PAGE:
Empty laws

The smoking policy at Pierce College appears to be a rule students and employees take as the law of the land.

But there is one major problem with that. It’s not a law.

The campus’ smoking policy is just that — a policy that started one year after being revamped by the Workforce Environment Committee.

It’s not a finable offense. It’s not any kind of infraction of the law.

Punishments, at worst, involve the apathetic smoker being given a stern lecture from a Sheriff’s officer or a random individual who happens to be passing by. The awkward moment lasts for a short time until one of the two walks away while the smoker continues to smoke.

It is preposterous to try to enforce a smoking policy with only nine “official” smoking areas to cover a campus that rivals the size of University of California, Los Angeles.

According to Doreen Clay, Pierce’s public relations officer, the most recent version of the map was printed before anyone was able to label the two additional locations: the first-floor patio outside the Library, and the northeast end of the Fine Arts Building.

Most people know of the dangers of second-hand smoke, the risks of cancer and lung disease, so smokers should be aware of the required L.A.-city restriction preventing them from smoking within 20 feet of any building.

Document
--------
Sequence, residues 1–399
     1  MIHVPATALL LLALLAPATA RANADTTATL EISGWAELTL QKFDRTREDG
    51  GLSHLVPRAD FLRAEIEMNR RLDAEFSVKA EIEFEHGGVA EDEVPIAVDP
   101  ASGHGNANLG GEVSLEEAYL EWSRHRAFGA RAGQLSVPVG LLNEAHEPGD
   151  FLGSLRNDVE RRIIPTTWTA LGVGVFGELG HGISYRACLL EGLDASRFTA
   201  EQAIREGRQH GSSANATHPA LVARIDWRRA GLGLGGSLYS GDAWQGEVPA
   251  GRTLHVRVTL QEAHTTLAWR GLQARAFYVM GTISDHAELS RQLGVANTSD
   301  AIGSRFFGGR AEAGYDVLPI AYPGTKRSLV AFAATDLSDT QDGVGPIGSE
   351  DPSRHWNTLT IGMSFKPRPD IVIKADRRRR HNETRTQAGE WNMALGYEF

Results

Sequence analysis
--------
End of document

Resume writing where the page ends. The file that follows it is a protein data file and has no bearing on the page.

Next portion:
Many smokers already ignore the current policy while walking to classes or relaxing at a nearby place to sit. Cigarette butts liter the grounds in areas unofficially deemed as “too far” from the nearest smoking area. 

Pierce President Robert Garber said the smoking policy has been recently lax due to the major renovations on campus.

But that does not explain the lack of enforcement in the months prior to construction.

“Normally an individual would be asked to stop or move, and it usually ends there,” Garber said about smokers not smoking in the designated areas. But according to him, if repeated offenses occur, then it can be taken as a violation of the student conduct policy, a result of which the student could be suspended.

But it rarely gets that far.

Maybe it should.

If a campus is going to go through with a policy that punishes smokers for doing what they do anywhere other than the small campus-provided picnic tables, then do it.

The smoking policy was created to make Pierce a healthier and more beautiful place.

Fine students for smoking away from the shade of the forest-green umbrellas, but at the same time, make these spots more accessible for the general campus population. With the money received, put it back into campus development.

(Raquel Martinez / Special to the Roundup)

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